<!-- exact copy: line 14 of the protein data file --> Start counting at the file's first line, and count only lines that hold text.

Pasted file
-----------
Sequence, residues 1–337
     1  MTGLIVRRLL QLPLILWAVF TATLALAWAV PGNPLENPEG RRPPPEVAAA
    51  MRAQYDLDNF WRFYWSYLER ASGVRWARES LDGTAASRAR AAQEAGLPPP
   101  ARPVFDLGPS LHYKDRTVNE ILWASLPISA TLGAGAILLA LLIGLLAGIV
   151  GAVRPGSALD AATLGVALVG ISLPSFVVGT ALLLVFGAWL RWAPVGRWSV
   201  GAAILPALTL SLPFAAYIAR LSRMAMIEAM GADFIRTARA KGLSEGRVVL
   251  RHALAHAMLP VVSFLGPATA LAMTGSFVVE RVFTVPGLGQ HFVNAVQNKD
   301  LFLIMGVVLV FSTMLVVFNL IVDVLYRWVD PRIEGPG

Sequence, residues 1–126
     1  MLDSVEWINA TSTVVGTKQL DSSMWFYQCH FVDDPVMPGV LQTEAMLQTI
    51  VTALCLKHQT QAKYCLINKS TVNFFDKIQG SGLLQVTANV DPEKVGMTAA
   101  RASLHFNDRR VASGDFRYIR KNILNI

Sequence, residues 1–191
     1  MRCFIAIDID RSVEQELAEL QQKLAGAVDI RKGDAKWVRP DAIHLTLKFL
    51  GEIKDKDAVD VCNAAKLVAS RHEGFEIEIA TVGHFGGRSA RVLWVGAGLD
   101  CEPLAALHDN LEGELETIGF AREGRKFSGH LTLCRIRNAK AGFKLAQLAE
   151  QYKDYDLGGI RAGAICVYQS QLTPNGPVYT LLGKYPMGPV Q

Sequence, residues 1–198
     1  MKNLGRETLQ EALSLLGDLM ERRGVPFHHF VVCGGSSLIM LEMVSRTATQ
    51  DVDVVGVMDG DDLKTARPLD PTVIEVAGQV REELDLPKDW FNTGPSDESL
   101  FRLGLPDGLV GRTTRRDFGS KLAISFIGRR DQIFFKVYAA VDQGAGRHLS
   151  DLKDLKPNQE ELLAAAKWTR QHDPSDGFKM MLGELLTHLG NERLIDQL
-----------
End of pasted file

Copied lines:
     1  MRCFIAIDID RSVEQELAEL QQKLAGAVDI RKGDAKWVRP DAIHLTLKFL